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Precision Acoustics joins forces to create ultrasonic sensors for nuclear and high radiation environments

Published: 16 November 2020 - Rachael Morling

Precision Acoustics has recently completed a project, the Development Of Radiation Resilient Ultrasonic Sensors project (ReDRESS), with a consortium of industry and academic partners to develop a suite of ultrasonic measuring devices for high radiation environments.

The project was enabled by a research grant from Innovate-UK and was a cross-company collaboration, involving Precision Acoustics, Ionix Advanced Technologies Ltd, TWI Ltd and the University of Sheffield. It was established to create a suite of products that offered an alternative to commercially available ultrasonic sensors, which have limitations in terms of temperature and radiation exposure. High radiation, in particular, can cause failure of such sensors. Their replacement is time consuming, expensive and results in an interruption of the nuclear reactors’ productivity. 
 
The main project brief was to design heat and radiation resilient ultrasonic sensors which would push the maximum operating window (in terms of temperature and radiation) of piezopolymer and piezoceramic ultrasound transducers for defined periods of time. This would be to allow inspections close to the core of nuclear reactors, which are extremely hot (> 350°C) and where there are high radiation levels.
 
The teams worked together for 21 months. Each partner brought their own areas of expertise, and Precision Acoustics were focused on the design and manufacture of the piezopolymer transducers which needed to be easy to assemble, have a long useful life, be sufficiently robust to withstand the harsh environments and be flexible enough in its design for a variety of uses in many different scenarios.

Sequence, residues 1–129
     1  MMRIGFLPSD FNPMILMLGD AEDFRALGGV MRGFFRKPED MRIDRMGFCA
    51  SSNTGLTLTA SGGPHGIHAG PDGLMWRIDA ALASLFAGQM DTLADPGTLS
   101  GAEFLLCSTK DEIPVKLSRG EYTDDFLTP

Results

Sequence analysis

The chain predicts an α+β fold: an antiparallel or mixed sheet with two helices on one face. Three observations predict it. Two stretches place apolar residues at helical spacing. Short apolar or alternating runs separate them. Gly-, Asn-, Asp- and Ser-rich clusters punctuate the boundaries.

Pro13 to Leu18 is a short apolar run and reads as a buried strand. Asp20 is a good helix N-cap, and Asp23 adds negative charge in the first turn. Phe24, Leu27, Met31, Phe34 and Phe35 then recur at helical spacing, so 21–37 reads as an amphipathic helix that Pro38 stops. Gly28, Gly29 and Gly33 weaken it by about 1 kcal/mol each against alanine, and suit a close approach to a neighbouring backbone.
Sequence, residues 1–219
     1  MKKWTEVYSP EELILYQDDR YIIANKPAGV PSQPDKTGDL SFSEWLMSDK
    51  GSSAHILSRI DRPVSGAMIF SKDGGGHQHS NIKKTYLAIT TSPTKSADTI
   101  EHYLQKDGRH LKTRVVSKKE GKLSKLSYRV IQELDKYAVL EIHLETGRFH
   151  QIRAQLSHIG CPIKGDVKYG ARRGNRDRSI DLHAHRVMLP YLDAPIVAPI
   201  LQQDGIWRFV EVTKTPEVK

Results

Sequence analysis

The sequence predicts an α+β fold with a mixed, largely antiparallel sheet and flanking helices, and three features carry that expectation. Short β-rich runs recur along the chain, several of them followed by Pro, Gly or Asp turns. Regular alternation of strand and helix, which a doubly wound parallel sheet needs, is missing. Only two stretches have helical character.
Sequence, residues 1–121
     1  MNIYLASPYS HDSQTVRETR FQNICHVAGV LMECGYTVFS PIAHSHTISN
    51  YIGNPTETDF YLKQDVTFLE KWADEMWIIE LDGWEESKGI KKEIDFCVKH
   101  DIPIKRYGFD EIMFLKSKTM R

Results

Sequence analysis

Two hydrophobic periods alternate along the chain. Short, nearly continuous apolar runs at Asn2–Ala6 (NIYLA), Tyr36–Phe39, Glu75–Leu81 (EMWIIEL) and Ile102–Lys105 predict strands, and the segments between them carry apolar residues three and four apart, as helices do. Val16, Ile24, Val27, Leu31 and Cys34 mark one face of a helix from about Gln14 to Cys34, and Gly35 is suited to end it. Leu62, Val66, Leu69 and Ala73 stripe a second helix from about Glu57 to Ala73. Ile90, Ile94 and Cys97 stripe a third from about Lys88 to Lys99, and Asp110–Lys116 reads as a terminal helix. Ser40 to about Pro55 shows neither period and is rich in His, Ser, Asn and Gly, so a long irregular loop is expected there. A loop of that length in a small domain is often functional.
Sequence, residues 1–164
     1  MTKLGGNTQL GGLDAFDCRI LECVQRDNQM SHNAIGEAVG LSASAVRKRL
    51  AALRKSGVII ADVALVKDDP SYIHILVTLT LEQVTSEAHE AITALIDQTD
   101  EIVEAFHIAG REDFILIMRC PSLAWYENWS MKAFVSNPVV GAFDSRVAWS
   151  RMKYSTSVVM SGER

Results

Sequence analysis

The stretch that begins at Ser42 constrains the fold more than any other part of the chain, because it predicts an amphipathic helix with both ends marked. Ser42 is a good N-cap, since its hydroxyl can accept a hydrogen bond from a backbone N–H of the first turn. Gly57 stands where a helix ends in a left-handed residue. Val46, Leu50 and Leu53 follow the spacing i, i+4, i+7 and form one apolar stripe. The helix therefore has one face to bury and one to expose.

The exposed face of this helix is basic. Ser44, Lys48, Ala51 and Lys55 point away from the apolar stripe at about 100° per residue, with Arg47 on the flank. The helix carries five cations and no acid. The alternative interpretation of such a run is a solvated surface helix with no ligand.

The entire ReDRESS cross-company collaboration was project managed by Precision Acoustics’ Research Scientist, Tom Kelley, who also acted as chief liaison with the individual companies and Innovate-UK. He was involved in all  technical discussions and ensured harmony between technical personnel and the managerial personnel. Tom also had to keep the four teams on track and make sure the 40 individual tasks were completed and delivered within the grant budget and 21-month timeframe.
 
On successful completion of the ReDRESS project, an Innovate-UK monitoring officer said, “The project management has been very good throughout the project and deserves the accolade of ‘excellent’ as the project concludes… This project has been very successful and is likely to lead to substantial financial growth for one of the partners.”


 
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